Providing more data and communication to quickly update the road maps, dropping faltering technology faster and accommodating unexpected breakthroughs should make it easier for stakeholders to track and build on EERE’s work, Danielson said. EERE is also planning to include 5 percent of each sector’s budget as “incubators” to integrate technologies from ARPA-E and others into road maps.

“There will be corporate visibility into all the project management that’s occurring,” Danielson said. “We are going to be sure that every single project status is updated — green, yellow, red — every quarter. I am going to have visibility on that.”

EERE is also increasing its role as an “honest broker” with the private sector and other agencies to lower nontechnology market barriers and working on boosting a manufacturing sector to support them, he said.

“For many of these technologies I am getting less and less worried about whether they are going to get cost competitiveness and be deployed,” he said, “and getting more worried that there will be this multitrillion-dollar market for clean energy products, and if the U.S. doesn’t step up we won’t be manufacturing, we won’t be leading in the jobs and the value-add manufacturing.”

‘Aspirational’ deadlines?

But Danielson has a long to-do list and little time.

EERE staff members say when Danielson first started soliciting their ideas, there was broad agreement that the changes were good and necessary.

“David is very personable and sincere, and we believe that he wants to do the right thing,” said a veteran EERE employee who asked that her name not be used so she could speak frankly and not fear retaliation. “So the problem seems more that it’s a combination of ‘it’s taking quite a long time’ and it became more ‘do it my way’ than the consensus process had led us to believe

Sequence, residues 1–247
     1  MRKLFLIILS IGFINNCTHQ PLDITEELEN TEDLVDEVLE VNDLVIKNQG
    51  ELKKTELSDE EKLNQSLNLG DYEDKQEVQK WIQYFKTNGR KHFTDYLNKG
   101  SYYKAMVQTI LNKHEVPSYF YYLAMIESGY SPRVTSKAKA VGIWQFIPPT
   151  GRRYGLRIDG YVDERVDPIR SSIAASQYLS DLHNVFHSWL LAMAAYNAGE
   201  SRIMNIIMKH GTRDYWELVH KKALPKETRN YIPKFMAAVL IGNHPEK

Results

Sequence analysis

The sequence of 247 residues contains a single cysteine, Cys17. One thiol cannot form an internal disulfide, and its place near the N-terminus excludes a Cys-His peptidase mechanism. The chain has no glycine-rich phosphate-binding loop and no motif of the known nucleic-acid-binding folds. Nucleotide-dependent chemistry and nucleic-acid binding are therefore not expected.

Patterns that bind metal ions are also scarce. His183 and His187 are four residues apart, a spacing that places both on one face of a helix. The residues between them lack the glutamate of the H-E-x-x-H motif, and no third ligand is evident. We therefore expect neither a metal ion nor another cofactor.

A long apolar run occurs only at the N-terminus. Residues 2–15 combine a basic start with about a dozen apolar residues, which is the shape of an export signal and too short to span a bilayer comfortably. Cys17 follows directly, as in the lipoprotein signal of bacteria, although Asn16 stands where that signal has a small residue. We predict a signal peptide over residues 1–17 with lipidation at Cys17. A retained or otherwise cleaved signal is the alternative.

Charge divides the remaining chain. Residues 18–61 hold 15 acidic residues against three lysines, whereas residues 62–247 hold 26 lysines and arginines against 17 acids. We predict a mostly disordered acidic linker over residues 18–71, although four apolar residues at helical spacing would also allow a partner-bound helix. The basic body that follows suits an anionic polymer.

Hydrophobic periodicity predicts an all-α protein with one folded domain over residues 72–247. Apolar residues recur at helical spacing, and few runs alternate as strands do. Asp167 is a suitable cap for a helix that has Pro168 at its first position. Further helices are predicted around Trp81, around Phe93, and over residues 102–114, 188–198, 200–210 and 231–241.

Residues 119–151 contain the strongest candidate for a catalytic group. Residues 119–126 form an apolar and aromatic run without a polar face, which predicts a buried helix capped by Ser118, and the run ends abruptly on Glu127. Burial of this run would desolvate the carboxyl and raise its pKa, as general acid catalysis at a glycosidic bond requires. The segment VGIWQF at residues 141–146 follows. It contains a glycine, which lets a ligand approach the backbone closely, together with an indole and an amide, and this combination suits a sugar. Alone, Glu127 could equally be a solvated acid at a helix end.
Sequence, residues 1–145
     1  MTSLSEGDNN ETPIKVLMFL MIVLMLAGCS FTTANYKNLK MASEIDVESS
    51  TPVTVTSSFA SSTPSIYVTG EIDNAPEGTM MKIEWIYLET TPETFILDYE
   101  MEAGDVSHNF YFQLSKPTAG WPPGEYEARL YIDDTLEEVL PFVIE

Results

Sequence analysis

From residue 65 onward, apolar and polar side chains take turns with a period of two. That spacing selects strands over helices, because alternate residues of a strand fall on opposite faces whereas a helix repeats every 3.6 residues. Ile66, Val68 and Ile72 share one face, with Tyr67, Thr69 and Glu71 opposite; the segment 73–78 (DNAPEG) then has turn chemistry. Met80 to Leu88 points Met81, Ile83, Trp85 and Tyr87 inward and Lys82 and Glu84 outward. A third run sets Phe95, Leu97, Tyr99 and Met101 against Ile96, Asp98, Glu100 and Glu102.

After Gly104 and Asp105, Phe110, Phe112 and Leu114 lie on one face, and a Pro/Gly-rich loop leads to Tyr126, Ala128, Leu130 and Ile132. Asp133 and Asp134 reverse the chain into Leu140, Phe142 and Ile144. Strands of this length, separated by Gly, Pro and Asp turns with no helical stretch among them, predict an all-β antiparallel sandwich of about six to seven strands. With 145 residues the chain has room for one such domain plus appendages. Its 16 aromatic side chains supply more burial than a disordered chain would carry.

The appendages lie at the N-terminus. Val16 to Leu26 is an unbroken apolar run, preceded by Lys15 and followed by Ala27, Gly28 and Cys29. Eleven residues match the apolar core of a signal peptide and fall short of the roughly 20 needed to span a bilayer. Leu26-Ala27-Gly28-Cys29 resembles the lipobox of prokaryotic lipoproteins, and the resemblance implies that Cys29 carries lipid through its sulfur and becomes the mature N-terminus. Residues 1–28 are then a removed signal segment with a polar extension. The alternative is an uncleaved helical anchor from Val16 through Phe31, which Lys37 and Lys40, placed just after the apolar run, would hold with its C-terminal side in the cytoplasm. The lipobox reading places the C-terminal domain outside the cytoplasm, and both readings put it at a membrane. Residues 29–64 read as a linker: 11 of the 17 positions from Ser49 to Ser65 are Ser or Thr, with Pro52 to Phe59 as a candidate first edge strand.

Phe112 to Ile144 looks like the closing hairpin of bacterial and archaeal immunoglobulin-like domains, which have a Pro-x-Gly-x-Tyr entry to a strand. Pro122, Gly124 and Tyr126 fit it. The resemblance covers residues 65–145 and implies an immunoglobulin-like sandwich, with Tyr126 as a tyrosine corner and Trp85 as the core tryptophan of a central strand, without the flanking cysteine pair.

“And the other problem seems to be everything all at once, which is pretty hard on the organization.”

Agency reorganization is grueling work. It requires — among other things — writing and rewriting manuals and organization charts, revising job titles and pay grades, and holding meetings with employee unions. And everything must be done without violating strict rules governing procurement and hiring.

Most of the changes have dragged, employees say.

After Danielson and Dunne initially laid out an overly ambitious timeline in February to be done by the summer — which was already later than their initial deadlines — they quickly retreated after program directors protested it as unworkable and created a new schedule in April. Now several major changes are slated to be put in place this fall, including parts of the Salesforce.com database, but some other dates extend well into next year, according to staff members and confirmed by DOE.

The fall deadlines, while doable, are more expensive now than if they had been set much earlier and staff had longer to work on them without worrying about the other now more-delayed items, a senior EERE staff member said.

And there is a growing worry among staffers that budget cuts will make it difficult to complete the overhaul. Important projects could be sacrificed, they say, as database conversions, third-party consultants and staff hours eat into shrinking resources.

Michael Bruce, a former senior adviser for finance at EERE, said it is important for Danielson and his management leadership to listen to the staff members to keep them on board with his changes.